Britons face fraught journeys overland and delays to find a way out of Russia | Russia

Britons face fraught journeys overland and delays to find a way out of Russia | Russia

British nationals urged to leave Russia amid the fallout of the war in Ukraine are facing fraught journeys back to the UK, with reports of tense border crossings, visa problems and disruption caused by flight cancellations.

The UK government updated its travel advice yesterday to “strongly advise” those whose presence is “not essential” in Russia to consider leaving now. In a statement on its website, the Foreign, Commonwealth and Development Office said: “If your presence in Russia is not essential, we strongly advise that you consider leaving by remaining commercial routes.”

While some Britons living in Russia told the Observer they were planning to stay despite the latest advice, others want to leave but are struggling. ​One British man, 29, who has lived in Moscow for six years​,​ said he faced a choice between staying in the country or being separated from his Russian wife.

She does not currently have a passport because they married in October and she recently applied for a replacement with her new name. The new document is not due to arrive for another 10 days, meaning she cannot leave or begin applying for a UK visa.

“I don’t know what we’re going to do,” he said. “In the last week, 15 or 20 of my friends have left. Everyone has left; literally everyone.​ ​The embassy would say, ‘You should leave.’ But I can’t. What do I do? Leave my wife here on her own? I can’t do that.”

The education consultant from London, who asked not to give his name, fearing complications, said they felt like “sitting ducks” but were living “hour to hour”. “It’s incredibly tense living here because you don’t know what’s going to happen in the next couple of hours or days. Who knows what they’re going to bring in?”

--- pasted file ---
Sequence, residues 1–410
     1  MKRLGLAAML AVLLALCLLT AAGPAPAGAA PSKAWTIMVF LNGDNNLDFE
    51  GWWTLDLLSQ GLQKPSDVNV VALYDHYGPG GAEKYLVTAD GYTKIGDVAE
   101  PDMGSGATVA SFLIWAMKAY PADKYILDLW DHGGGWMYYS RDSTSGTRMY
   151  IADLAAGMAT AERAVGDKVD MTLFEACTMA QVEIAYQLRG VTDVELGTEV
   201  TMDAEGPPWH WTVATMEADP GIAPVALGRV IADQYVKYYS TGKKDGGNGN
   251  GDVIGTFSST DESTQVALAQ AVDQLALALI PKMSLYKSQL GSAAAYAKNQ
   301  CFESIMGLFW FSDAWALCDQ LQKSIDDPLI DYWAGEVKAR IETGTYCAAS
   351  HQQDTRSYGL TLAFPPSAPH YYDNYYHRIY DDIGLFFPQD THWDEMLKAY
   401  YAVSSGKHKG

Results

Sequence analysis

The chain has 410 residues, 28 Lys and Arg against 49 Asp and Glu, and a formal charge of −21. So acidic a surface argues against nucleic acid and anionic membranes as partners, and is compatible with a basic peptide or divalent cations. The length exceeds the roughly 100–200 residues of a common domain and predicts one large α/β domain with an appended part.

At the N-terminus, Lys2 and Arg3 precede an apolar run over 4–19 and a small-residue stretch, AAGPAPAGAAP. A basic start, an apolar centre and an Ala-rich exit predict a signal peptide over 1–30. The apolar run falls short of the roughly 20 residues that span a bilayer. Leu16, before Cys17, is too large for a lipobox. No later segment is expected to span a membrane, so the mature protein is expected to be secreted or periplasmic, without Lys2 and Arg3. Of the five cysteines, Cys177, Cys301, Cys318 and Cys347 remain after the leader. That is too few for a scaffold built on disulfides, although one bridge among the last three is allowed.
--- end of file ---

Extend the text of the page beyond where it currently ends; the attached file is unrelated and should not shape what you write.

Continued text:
Other Britons have had to go to extreme lengths to leave Russia, including travelling hundreds of miles to cross via land into Estonia and Latvia, or paying thousands of pounds for flights via roundabout routes, passing through the Middle East or Turkey.

Russia has seen severe disruption to air travel with sanctions causing widespread cancellations. Aeroflot, Russia’s flagship air carrier, yesterday announced it was halting all international flights, although airlines serving destinations including Qatar and Dubai were understood to be continuing to operate yesterday. There are no direct flights to the UK.

​Some of those making it to the border ​have reportedly been subjected to tense questioning by border officers, including having phones searched.

“People who are leaving via airports or land, as a result of this new law, they are checking everyone’s Instagrams, Facebook statuses, checking the posts you’ve liked, checking through your Whatsapp, Telegram conversations, everything,” one British national said.

“You have to be careful. It’s a time to be cautious.”

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